This Little Piggy, painting in progress, http://www.carolineallen.com
I’m feeling called to write about an artistic healing I’ve been going through. I’d rather not share something so personal, but the universe is asking me to. I think the idea is that if you see what one artist/writer goes through, perhaps you’ll be better able to understand your own process.
I recently launched an art project called Beauty of the Beast. If you’ve already heard the story, you can skip the next few sentences. I grew up on a subsistence farm butchering animals. I moved recently to rural Oregon, not realizing I would be around farm animals again. I started painting them, and am now partnering with sanctuaries for rescue farm animals to get to know individual beasts, paint their portraits and have a show. It’s been a profoundly cathartic process. Here’s the Kickstarter campaign with more information: http://www.kickstarter.com/projects/artofstorytelling/beauty-of-the-beast
Since the launch, my life has been turned upside down. It’s been a mess of emotional turmoil, flailing dreams, alternative realities and “fear storms”, to quote a great phrase by writing client Ellen Newhouse, http://www.ellennewhouse.com.
As a writer and artist, I have soul turmoil sometimes, okay a lot, but haven’t experienced this level of churning since 1994 and then again in 1999. My life changed forever during those times. I went from journalist to artist, from ego to spirit, but to say these were tumultuous times would be an understatement. I lost everything, a marriage, my career as a journalist, my jet-setting European lifestyle, my home, my car. Everything.
I know that my new life is my spirit’s calling. I know I’m on my soul’s path as a writer and artist. I’m so much more content. Hell, in my previous incarnation, I never felt I’d live past 40, and now I see a very long fulfilling life.
Still, the hurricane of change that hit me in the past has created a fear in me. If the universe asks me to do something, I do it. Immediately. UNCLE, I yell up to the skies. Whatever you want, you got. Just don’t make me go through THAT again.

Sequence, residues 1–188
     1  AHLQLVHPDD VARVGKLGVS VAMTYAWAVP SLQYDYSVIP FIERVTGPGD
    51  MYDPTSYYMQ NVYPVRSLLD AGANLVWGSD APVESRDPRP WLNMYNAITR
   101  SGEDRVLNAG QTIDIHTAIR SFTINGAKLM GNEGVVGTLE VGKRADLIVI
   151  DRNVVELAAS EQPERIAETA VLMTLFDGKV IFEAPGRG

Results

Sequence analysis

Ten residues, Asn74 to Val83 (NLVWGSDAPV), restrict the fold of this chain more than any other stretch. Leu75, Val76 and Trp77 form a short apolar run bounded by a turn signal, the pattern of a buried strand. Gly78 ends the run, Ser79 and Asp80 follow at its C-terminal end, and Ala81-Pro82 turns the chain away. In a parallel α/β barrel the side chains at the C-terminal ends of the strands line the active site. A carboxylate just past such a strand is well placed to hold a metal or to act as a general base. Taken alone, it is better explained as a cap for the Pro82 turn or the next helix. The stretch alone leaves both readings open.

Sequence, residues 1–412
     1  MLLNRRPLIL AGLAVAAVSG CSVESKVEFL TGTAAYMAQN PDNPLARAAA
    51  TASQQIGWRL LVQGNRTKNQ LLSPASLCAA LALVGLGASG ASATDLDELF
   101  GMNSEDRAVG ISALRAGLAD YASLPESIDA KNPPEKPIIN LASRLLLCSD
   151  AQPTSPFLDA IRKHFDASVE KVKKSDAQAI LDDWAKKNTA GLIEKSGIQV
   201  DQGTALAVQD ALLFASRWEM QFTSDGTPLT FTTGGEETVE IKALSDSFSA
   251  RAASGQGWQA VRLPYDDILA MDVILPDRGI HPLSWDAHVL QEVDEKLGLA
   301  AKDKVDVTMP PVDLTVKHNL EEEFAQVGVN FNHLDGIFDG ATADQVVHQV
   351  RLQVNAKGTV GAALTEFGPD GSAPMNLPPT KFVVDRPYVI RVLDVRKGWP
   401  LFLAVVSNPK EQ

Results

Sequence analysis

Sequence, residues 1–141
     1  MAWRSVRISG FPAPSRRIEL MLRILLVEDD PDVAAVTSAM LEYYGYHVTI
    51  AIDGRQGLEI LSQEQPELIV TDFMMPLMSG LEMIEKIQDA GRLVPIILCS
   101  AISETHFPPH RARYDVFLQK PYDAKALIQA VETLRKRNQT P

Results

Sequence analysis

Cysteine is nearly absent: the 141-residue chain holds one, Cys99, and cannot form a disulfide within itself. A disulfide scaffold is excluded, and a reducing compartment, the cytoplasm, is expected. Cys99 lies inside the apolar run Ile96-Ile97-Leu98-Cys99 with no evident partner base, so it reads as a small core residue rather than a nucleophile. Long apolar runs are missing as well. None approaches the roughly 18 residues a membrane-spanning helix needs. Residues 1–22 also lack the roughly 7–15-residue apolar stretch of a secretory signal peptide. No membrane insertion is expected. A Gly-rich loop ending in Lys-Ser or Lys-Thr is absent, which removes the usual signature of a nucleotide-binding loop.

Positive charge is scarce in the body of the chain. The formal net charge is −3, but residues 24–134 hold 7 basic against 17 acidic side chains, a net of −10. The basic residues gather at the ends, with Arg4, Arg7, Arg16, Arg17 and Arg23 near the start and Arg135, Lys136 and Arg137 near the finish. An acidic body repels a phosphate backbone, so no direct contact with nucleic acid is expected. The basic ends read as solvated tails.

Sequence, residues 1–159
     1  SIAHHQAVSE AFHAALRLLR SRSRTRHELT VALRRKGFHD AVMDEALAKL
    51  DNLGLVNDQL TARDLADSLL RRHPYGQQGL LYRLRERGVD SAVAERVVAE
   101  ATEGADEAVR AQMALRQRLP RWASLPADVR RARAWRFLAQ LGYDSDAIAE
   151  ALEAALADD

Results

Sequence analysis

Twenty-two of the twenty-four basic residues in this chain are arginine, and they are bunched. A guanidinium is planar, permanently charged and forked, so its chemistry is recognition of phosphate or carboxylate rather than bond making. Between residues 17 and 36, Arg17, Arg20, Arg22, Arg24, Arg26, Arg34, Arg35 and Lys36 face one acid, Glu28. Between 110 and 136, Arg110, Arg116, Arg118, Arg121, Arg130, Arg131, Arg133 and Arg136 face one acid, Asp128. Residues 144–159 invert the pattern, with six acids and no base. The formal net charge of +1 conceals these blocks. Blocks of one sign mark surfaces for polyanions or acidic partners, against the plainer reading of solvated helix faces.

So, what I’ve been thinking lately is HERE we go again! I’m so churned up I can hardly work or think or function. Everything is turning upside down again. Universe, I wail, I’m doing everything you ask! What do you want from me? I shake my fist at the sky.
So, yesterday I decided to sit with all of the current turmoil in serious meditation. I began by doing a visual meditation. I love visual meditations.
I sat, closed my eyes, did breathing exercises. I was taken to a field near where I grew up. There was a slash in the flesh of the soil, a deep throbbing wound. I knew in the visualization to pour white loving light into the wound, and as I did rainbows appeared in the slashed earth, reflections of color, a waterfall of tint and hue. It was beautiful and so full of hope and love and joy.
But there was a small circle of dirt that was too wounded, too terrified to receive the light. Every time I grew near, the land roiled and tremored and flipped and flopped and wouldn’t let me get close to see if I could affect a healing.
I decided to talk to it. What is wrong? What do you need? It turned out this was a part of myself that was terrified of being killed as a child. I grew up butchering furry creatures, on our land as well as wild animals from the forest, chopping off their heads, removing their innards. If my father could kill these sweet creatures, why wouldn’t he kill me? But it was more than that. Even as a grown up, I see perfectly respectable people destroying the earth. Well, I’m the earth. Why wouldn’t they destroy me?